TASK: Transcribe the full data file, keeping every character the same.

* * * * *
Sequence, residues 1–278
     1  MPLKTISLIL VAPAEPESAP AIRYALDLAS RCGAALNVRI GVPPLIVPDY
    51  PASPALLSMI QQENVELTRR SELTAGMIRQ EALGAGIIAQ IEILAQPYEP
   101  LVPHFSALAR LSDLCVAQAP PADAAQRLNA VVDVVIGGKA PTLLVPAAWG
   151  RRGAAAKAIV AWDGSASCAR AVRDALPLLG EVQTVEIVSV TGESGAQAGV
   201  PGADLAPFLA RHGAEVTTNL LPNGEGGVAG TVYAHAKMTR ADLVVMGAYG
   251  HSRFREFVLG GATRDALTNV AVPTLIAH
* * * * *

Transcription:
Sequence, residues 1–278
     1  MPLKTISLIL VAPAEPESAP AIRYALDLAS RCGAALNVRI GVPPLIVPDY
    51  PASPALLSMI QQENVELTRR SELTAGMIRQ EALGAGIIAQ IEILAQPYEP
   101  LVPHFSALAR LSDLCVAQAP PADAAQRLNA VVDVVIGGKA PTLLVPAAWG
   151  RRGAAAKAIV AWDGSASCAR AVRDALPLLG EVQTVEIVSV TGESGAQAGV
   201  PGADLAPFLA RHGAEVTTNL LPNGEGGVAG TVYAHAKMTR ADLVVMGAYG
   251  HSRFREFVLG GATRDALTNV AVPTLIAH